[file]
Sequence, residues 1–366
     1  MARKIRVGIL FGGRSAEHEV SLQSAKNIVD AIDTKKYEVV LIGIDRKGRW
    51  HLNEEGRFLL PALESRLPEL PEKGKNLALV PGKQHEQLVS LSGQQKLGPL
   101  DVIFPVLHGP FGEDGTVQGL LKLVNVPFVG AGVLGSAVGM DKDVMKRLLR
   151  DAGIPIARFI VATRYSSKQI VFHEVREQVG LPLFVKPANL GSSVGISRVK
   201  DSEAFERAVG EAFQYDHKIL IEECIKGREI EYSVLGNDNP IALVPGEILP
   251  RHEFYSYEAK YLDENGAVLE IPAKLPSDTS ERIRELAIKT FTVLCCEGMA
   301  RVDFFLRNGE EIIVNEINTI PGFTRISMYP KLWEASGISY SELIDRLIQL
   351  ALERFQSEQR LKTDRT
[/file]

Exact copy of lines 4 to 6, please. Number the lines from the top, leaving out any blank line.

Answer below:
   101  DVIFPVLHGP FGEDGTVQGL LKLVNVPFVG AGVLGSAVGM DKDVMKRLLR
   151  DAGIPIARFI VATRYSSKQI VFHEVREQVG LPLFVKPANL GSSVGISRVK
   201  DSEAFERAVG EAFQYDHKIL IEECIKGREI EYSVLGNDNP IALVPGEILP